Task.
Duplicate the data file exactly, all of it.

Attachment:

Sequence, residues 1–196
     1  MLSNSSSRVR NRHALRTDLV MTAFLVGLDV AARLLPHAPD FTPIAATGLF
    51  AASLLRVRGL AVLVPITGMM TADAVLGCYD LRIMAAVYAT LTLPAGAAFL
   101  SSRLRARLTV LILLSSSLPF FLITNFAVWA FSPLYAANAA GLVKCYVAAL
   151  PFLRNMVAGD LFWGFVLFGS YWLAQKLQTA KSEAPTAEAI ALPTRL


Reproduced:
Sequence, residues 1–196
     1  MLSNSSSRVR NRHALRTDLV MTAFLVGLDV AARLLPHAPD FTPIAATGLF
    51  AASLLRVRGL AVLVPITGMM TADAVLGCYD LRIMAAVYAT LTLPAGAAFL
   101  SSRLRARLTV LILLSSSLPF FLITNFAVWA FSPLYAANAA GLVKCYVAAL
   151  PFLRNMVAGD LFWGFVLFGS YWLAQKLQTA KSEAPTAEAI ALPTRL